This book argues that practices of resistance cannot be separated from practices of domination, and that they are always entangled in some configuration. They are inextricably linked, such that one always bears at least a trace of the other that contaminates or subverts it.
The team of contributors explore themes of identity, embodiment, organisation, colonialism, and political transformation, examining them from historical, contemporary and more abstract perspectives within a wide geographical and cultural spectrum. Case studies include German Reunification; Jamaican Yardies on British Television; Victorian Sexuality and Moralisation in Cremorne Gardens; Ethnicity, Gender and Nation in Ecuador; Sport as Power; the film Falling Down.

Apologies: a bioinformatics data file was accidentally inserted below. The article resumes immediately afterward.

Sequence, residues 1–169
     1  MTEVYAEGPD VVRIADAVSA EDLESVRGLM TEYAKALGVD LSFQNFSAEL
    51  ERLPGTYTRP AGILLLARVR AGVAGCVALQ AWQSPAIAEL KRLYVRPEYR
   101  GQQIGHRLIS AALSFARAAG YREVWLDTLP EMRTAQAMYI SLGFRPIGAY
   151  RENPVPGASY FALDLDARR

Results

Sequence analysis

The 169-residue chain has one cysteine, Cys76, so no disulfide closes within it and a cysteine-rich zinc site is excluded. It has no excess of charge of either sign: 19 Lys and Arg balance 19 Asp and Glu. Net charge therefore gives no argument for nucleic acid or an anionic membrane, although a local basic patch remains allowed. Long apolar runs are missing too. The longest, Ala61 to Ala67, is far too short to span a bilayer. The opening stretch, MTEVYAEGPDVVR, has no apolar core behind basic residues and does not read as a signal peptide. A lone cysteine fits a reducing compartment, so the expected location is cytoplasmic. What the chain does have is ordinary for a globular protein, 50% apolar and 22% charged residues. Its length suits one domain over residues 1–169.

Entanglements of Power presents an exciting and challenging account of the symbiotic relationship between domination and resistance, and contextualises this within the parameters of geography with a rich body of case-study material and a respected team of contributors.
Joanne Sharp, Paul Routledge, Chris Philo and Ronan Paddison are all lecturers in the Department of Geography and Topographic Science, University of Glasgow.